Celebrating ingenuity in the property industry

The steam train. The vaccine. The television. The World Wide Web. The tenancy renewal fee.

What connects them all? Each one is an incredibly successful British invention.

Yes, we may no longer have the manufacturing prowess that once sustained all corners of the country, but a certain group of entrepreneurs have exerted their creative minds to produce the £250 photocopy, and are currently raking it in.

Today we’d like to celebrate the companies that have gone above and beyond what is a reasonable price to charge someone who is not your customer (that reasonable price is £0) and are milking the most cash out of their captive market of tenants.

Our research on www.lettingfees.co.uk covers more than 1000 letting agents and uses two adults renting an unfurnished two-bed room property – let’s call them Gary and Linda – to compare fees between them all. The average upfront cost in non-refundable fees is £404.

There are eight letting agents that have more than 100 branches each throughout the country. Based on our research, seven of them are charging more than the average.

Many letting agents have realised that, when you’re desperate to put a roof over your head, you will tend to take the first property you can afford the rent on, and fees are an afterthought. Rather than basing their fees on what starting a tenancy actually costs, these agents know they can name their price, and use renters’ rainy-day funds to sustain and expand their businesses.

Some agents, like Piper Property in Bristol and East & Co in East London, recognise the poor business ethics of charging a captive market vast sums of money for pieces of paper, and duly charge their tenants nothing.

As a result we see a staggering range of fees. Here’s what the Big Eight charge:


Londoners know them as Bairstow Eves, northerners as Bridgfords, residents of the south coast Austin & Wyatt, and Bristolians Taylors. With 40-odd brands and 1200+ branches, Countrywide is the nation’s largest estate agent – and, of the large agents, also charges the most! Our typical 2-adult household, Gary and Linda, would pay £622 in upfront fees – covering the admin fee, the reference fee, the tenancy agreement fee and the check-in fee (more if they decide Gary and Linda need someone to guarantee their rent). Countrywide made £19.5m in profit last year.



This partnership charges different fees in different parts of the country, with an average, across the 6 branches our website covers, of £593 – which is surely boosted by the Thames Valley’s Romans, which charges a stomach-churning £813 – and that’s with the minimum check-in fee possible. It is the single most expensive letting agent in England (as far as we know).



Owned by Skipton Building Society, Connells Group would charge Gary and Linda £570 for starting a tenancy, with a consistent policy throughout its nearly 600-strong network. This includes the Sequence brands, though in London, Barnard Marcus charges a higher inventory fee (£162 unfurnished).



Spicerhaart’s 100+ branches across several brands, including Felicity J Lord in London, would charge Gary and Linda a consistent £540 in upfront fees.


Martin & Co

This chain of 192 agents, owned by The Property Franchise Group PLC, also includes the CJ Hole and Ellis & Co brands. They charge varying levels of fees, with at least one (Brentford) being opaque about its check-in fee, making it hard to compare with other local agents. The average we calculated from 15 branches was £476, but this is likely to rise if and when Brentford opens up its fees policy.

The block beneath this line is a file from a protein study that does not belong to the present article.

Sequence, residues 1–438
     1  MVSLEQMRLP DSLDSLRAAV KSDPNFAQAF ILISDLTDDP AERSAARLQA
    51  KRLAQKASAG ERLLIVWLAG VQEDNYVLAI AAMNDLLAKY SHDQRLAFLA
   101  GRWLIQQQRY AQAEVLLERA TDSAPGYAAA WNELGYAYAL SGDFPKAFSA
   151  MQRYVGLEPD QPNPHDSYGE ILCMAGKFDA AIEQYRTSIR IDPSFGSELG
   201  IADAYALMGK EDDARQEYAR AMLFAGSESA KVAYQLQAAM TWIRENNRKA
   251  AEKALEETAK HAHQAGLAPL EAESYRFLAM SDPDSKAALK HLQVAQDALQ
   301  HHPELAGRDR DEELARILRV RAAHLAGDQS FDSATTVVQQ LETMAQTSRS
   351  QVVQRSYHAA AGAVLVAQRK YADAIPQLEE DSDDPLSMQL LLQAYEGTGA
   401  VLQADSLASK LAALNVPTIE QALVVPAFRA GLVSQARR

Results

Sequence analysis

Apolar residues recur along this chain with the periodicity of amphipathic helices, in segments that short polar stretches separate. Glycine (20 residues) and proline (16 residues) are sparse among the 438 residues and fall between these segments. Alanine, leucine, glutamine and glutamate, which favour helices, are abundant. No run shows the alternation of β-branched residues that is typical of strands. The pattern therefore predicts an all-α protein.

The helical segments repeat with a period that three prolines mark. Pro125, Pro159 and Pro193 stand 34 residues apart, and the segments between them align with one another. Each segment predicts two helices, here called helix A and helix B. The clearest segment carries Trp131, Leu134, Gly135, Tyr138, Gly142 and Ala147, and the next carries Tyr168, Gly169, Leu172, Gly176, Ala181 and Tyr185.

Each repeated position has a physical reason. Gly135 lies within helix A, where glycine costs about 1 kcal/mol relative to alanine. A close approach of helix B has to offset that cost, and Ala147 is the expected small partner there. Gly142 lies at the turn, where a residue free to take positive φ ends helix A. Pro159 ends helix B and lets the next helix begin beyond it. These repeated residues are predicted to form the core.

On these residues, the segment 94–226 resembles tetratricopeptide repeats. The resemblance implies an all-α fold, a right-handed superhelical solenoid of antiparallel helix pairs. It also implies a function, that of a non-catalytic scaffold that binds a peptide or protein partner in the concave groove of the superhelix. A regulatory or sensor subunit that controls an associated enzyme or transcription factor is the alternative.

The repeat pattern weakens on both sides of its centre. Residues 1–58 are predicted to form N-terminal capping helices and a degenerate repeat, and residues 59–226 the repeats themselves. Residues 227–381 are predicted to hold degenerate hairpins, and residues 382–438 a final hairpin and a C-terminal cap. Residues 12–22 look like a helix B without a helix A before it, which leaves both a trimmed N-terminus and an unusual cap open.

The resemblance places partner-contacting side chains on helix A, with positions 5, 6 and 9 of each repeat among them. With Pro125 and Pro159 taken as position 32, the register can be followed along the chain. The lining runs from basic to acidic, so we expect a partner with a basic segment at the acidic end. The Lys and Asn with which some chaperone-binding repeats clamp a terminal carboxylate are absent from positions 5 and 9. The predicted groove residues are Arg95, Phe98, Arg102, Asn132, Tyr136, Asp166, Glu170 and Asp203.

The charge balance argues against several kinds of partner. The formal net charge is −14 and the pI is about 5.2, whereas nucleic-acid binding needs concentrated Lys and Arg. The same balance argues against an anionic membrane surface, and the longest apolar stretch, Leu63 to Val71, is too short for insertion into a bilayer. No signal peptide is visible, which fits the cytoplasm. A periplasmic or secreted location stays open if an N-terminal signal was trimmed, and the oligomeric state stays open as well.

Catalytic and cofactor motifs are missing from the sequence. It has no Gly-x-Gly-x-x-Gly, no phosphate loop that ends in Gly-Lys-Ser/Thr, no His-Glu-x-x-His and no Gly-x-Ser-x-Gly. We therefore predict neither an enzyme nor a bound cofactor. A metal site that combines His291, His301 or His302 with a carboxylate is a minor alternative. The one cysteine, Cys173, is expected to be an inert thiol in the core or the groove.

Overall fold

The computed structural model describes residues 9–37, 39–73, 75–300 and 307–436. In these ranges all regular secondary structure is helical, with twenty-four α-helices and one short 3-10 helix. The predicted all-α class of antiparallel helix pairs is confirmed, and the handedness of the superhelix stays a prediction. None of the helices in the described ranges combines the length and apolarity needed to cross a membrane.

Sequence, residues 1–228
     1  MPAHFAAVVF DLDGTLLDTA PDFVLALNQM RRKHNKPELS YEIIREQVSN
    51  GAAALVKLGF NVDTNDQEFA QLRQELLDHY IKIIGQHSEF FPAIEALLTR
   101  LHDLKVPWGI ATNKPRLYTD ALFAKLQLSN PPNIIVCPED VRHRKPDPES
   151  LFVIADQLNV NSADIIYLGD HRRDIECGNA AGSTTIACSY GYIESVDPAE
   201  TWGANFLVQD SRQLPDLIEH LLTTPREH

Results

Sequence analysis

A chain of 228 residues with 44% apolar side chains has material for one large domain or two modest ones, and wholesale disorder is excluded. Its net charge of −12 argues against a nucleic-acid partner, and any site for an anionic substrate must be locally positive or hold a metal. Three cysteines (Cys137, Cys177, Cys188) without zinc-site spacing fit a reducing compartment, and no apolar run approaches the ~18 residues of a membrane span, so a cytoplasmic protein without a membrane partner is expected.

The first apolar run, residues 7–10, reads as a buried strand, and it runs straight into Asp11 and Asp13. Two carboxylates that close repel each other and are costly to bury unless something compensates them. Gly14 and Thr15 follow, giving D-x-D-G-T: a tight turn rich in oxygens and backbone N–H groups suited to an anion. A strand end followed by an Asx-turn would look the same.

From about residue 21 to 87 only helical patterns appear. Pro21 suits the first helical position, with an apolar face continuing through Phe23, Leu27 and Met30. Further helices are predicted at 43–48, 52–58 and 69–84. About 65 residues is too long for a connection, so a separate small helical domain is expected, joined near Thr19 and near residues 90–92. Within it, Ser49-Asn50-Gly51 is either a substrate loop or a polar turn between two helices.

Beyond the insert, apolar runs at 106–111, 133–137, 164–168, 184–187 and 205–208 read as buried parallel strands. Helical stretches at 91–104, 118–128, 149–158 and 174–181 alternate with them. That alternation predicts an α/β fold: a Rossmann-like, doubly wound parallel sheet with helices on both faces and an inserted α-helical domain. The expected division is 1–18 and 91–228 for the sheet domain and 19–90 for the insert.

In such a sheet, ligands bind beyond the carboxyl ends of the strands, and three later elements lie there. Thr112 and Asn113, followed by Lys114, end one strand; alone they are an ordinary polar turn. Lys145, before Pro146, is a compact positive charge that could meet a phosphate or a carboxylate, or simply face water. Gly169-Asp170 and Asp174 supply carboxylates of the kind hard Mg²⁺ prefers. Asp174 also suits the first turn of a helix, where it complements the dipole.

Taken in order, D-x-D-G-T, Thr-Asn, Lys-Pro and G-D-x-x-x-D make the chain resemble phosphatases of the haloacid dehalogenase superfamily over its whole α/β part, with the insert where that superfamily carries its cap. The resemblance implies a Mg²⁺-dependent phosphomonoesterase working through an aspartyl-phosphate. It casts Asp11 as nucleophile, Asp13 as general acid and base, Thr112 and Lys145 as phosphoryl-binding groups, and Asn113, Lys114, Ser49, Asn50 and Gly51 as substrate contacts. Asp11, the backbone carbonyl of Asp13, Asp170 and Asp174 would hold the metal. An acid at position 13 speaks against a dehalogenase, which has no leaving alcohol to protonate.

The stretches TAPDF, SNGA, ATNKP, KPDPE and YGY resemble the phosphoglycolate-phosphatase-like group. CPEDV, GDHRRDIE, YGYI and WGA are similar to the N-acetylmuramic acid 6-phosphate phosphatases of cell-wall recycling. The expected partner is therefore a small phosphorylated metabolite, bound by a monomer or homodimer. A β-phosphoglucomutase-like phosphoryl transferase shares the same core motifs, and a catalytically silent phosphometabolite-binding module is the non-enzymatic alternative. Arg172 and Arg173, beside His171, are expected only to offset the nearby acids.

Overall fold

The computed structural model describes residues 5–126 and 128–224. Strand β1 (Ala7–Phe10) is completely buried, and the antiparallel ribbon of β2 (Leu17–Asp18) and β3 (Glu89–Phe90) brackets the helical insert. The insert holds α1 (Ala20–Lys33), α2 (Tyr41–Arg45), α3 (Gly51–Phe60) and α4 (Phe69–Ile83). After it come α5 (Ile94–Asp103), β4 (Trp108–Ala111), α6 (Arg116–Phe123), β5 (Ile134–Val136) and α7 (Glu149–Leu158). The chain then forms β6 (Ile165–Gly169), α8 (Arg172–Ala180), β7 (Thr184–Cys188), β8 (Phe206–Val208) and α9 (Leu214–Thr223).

Hunters Property PLC is another franchise-based company, boasting 210 branches, inconsistent fees and a much more inconsistent transparency policy. The Wokingham and Stoke Newington branches of Hunters fail to specify check-in fees, while the Ealing and Brentford branches appear to charge for both check-in and inventory, which is normally the same thing. We raised the former concerns with Wokingham and Hackney councils, which have responsibility for enforcing transparency rules for letting agents. For what it’s worth to Gary and Linda, the average we calculated is £416.



Belvoir Lettings PLC has 302 franchises, with an average upfront set of fees of £414, though this gets as high as £590 in Balham, where you pay £150 per person admin fee, plus what appears to be a single £150 reference fee for the tenancy (as well as inventory).


LSL Property Services

LSL is the parent company behind the high street names Your Move and Reeds Rains. Its branches also tend to set their own fees, and are the only ones to charge below the national average we have – the average of the 12 agents on our site is £381. But at only £23 lower, this is hardly a recommendation.

Finally, a dishonourable mention for Spencers Property Services of East London, who are the most expensive agents outside the Big Eight and would charge Gary and Linda £742.


To be fair, Spencers also offer the following advice further up the page:


This breakdown shows how important tenant fees are to the larger estate agents – strip them out and our national average comparison fee would drop. Also we can see that using one of the big boys does not necessarily mean they are automatically transparent.

The gilded age of the letting agent is now under threat from the government’s proposals to ban fees – which are out to consultation until 2 June. We should expect a determined fightback from agents so it is essential that we make our voices heard.

Having your say on the ban couldn’t be simpler.

Note: Levels of fees were accurate at the time of posting. We will post updates if and when tariffs change.


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